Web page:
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FOGARTY INTERNATIONAL CENTER

STATEMENT OF DR. PHILIP SCHAMBRA, DIRECTOR

BUDGET REQUEST Senator HARKIN. Dr. Schambra, the committee has your request of $19.9 million, which is $13.7 million more than last year.

We are familiar with your programs to support visits of foreign scientists to the United States and the placement of U.S. scientists overseas. The committee looks forward to hearing about your expanding Eastern European and Latin American initiatives.

Welcome and please proceed with your statement.
Dr. SCHAMBRA. Thank you, Senator.

Senator, I will be even briefer than the prepared summary of my opening statement, both of which I would like to submit for the record with your permission.

Senator HARKIN. Certainly.

Dr. SCHAMBRA. Mr. Chairman, I think it is clear that we live in a time of enormous changes and of enormous challenges and opportunities. The countries of central and Eastern Europe and the Soviet Union have opened up and our scientists have responded. We have much to give and much to learn in the exchanges which are taking place and growing day by day aided by our Ěastern European initiative which the Congress has so strongly supported. I would be pleased to tell you more about what we are doing under that initiative later on in response to a question or for the record, if you wish.

Likewise, the importance of collaborating with scientists and institutions in developing countries is becoming increasingly, clear. Not only must these countries deal with old, unconquered diseases such as malaria and cholera—and as you know from the papers right now, cholera is killing hundreds of people in South America even today—but also the poorer regions of the world are often the source of new diseases such as AIDS which threaten the entire world.

AIDS TRAINING PROGRAM

Our international AIDS training programs, now in their third year, constitute one of the most important responses by the U.S. Government to addressing the AIDS problem by helping developing countries participate in research on this disease and eventually participate in the field trials of vaccines now under development in the NIH and elsewhere.

Because of the threat which diseases in developing countries represent not only to the people of these countries, but also to the people of the United States, we began our Latin American initiative last year to expand cooperation between biomedical scientists of this hemisphere. And I would be happy also to tell you more about what we are doing under this initiative.

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Finally, we continue our efforts to bring together the scientists from the leading laboratories of the United States and those in Western Europe, Japan, and other developed countries, among the best and brightest in the world. And I might say, Mr. Chairman, that that includes in recent years three bright young scientists from abroad who have gone to institutions in Iowa and four leading Iowan scientists who went to different places around the world, and all of these to work on such problems as heart disease, cancer, diabetes, and Alzheimer's disease, among others.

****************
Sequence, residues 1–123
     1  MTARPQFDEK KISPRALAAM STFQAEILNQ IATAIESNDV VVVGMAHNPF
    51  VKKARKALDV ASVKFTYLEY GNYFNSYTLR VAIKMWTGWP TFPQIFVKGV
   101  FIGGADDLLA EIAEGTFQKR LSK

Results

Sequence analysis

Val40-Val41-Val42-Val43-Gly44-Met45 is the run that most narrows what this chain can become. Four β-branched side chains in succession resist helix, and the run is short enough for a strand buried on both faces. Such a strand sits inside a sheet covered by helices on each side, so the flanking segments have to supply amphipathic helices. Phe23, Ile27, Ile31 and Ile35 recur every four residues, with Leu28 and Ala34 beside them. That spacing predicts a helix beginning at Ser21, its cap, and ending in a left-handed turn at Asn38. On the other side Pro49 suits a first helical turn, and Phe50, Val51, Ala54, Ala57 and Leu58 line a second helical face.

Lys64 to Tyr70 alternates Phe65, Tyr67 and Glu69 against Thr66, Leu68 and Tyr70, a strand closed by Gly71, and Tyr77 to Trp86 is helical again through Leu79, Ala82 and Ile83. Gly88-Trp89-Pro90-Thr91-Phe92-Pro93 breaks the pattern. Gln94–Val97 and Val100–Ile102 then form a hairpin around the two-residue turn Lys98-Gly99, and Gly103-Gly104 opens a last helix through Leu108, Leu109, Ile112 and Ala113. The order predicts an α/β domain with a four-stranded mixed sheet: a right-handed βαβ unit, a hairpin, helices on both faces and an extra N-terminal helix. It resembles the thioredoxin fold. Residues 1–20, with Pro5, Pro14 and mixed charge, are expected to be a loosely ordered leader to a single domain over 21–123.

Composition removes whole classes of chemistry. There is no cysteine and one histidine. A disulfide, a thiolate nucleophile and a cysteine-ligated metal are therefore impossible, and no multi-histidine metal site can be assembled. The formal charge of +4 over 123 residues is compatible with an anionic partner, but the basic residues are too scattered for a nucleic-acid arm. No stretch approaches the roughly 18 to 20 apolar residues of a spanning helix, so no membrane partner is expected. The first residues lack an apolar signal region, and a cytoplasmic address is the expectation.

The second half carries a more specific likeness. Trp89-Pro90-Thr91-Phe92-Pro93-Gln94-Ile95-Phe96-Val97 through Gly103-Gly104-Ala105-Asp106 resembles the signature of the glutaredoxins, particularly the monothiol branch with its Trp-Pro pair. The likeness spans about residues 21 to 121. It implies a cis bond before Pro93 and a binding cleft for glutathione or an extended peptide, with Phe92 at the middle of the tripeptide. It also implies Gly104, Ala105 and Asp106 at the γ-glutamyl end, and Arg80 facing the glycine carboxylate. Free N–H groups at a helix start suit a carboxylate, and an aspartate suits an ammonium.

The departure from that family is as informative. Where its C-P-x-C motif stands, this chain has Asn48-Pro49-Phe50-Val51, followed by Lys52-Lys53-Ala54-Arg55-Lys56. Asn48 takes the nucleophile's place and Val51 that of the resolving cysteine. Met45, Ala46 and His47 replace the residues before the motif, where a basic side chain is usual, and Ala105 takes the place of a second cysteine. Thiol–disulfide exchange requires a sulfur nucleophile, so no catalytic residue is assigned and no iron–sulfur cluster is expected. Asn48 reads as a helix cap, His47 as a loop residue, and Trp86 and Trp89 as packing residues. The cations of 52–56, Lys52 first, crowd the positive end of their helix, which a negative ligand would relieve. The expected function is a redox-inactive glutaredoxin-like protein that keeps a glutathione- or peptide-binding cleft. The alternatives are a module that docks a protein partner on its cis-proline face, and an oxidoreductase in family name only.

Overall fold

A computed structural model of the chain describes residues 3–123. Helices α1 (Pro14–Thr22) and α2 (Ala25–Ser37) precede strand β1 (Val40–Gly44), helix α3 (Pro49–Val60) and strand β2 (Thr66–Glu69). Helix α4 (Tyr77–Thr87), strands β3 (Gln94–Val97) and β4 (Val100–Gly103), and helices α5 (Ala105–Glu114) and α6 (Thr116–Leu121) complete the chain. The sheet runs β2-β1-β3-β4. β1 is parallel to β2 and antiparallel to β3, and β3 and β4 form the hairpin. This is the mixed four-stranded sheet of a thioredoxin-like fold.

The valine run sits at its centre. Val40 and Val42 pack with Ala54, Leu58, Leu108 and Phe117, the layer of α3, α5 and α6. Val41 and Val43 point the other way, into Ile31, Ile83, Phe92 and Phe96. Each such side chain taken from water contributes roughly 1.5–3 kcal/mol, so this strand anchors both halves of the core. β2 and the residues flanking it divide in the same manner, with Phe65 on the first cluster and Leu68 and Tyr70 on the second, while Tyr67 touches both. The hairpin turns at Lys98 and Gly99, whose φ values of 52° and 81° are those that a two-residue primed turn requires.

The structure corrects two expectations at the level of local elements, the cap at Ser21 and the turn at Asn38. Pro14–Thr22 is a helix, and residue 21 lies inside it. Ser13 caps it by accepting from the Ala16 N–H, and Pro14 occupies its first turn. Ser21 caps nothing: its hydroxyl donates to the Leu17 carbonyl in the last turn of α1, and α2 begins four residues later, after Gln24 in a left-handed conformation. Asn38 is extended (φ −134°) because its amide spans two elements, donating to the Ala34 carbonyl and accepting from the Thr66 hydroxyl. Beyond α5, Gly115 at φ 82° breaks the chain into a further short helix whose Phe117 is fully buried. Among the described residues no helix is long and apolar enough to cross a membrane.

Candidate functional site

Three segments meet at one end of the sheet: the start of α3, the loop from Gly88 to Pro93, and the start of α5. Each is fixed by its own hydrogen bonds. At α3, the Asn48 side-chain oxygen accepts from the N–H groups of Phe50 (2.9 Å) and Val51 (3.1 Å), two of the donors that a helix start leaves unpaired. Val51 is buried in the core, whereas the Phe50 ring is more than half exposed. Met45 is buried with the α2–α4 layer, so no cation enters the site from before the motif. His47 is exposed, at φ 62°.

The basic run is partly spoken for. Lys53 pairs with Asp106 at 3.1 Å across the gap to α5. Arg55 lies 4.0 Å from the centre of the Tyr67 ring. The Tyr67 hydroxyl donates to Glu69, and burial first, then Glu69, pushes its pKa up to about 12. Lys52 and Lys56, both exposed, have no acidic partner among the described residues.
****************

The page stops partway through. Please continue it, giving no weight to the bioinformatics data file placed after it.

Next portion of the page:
PREPARED STATEMENT Senator, with our 1992 budget request of $19,922,000, I expect that the Fogarty Center will not only continue, but expand its critically important role in the world's No. 1 goal, which is better health for all.

I would be pleased to respond to any questions. [The statement follows:

STATEMENT OF DR. PHILIP SCHAMBRA

The global biomedical research community is being influenced increasingly

by a rapidly changing world--scientifically, politically, and economically.

The emergence of democratic governments in Central and Eastern Europe and

Latin America, the collective decision by the countries of Western Europe to

unify their economies, and the movement by many former socialistic societies

toward a free market have provided new challenges and new opportunities for

scientists and institutions dedicated to biomedical research.

These events

have stimulated a climate of greater openness on the part of scientists

throughout the world and have made possible extraordinary opportunities for

scientific collaboration.

The worldwide pattern of diseases threatening human well-being is

continually changing.

The programs of the Fogarty International Center weave

together tightly to form a comprehensive yet flexible response to these

challenges. During FY 1990, FIC programs increased the number of

collaborating scientists worldwide, and enabled newfound discoveries to be

discussed and studies to be undertaken in laboratories in remote areas of the

world.

Through continuing such combined and collaborative efforts the nature

of these diseases can be understood and their incidence reduced.

It is the mission of the Center to stimulate and enhance this

collaboration at all levels.-scientist-to-scientist, institution-to

institution, and nation-to-nation.

We can count a number of successes toward

this objective this past year,